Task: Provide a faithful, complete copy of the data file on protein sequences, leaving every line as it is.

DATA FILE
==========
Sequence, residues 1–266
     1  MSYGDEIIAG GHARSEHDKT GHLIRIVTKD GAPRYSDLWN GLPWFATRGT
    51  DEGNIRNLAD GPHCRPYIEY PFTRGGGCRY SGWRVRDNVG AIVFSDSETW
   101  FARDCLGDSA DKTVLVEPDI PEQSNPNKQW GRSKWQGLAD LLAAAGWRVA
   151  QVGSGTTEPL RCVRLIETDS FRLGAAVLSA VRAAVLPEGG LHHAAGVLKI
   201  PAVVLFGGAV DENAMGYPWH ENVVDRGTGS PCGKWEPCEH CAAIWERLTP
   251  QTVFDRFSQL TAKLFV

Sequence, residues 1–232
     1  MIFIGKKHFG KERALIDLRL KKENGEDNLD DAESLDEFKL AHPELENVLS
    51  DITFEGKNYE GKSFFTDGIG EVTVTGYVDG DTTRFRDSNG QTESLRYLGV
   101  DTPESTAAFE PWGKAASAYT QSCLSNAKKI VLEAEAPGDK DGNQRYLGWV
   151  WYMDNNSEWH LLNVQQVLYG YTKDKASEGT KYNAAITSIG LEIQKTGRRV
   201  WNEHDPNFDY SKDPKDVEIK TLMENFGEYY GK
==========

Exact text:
Sequence, residues 1–266
     1  MSYGDEIIAG GHARSEHDKT GHLIRIVTKD GAPRYSDLWN GLPWFATRGT
    51  DEGNIRNLAD GPHCRPYIEY PFTRGGGCRY SGWRVRDNVG AIVFSDSETW
   101  FARDCLGDSA DKTVLVEPDI PEQSNPNKQW GRSKWQGLAD LLAAAGWRVA
   151  QVGSGTTEPL RCVRLIETDS FRLGAAVLSA VRAAVLPEGG LHHAAGVLKI
   201  PAVVLFGGAV DENAMGYPWH ENVVDRGTGS PCGKWEPCEH CAAIWERLTP
   251  QTVFDRFSQL TAKLFV

Sequence, residues 1–232
     1  MIFIGKKHFG KERALIDLRL KKENGEDNLD DAESLDEFKL AHPELENVLS
    51  DITFEGKNYE GKSFFTDGIG EVTVTGYVDG DTTRFRDSNG QTESLRYLGV
   101  DTPESTAAFE PWGKAASAYT QSCLSNAKKI VLEAEAPGDK DGNQRYLGWV
   151  WYMDNNSEWH LLNVQQVLYG YTKDKASEGT KYNAAITSIG LEIQKTGRRV
   201  WNEHDPNFDY SKDPKDVEIK TLMENFGEYY GK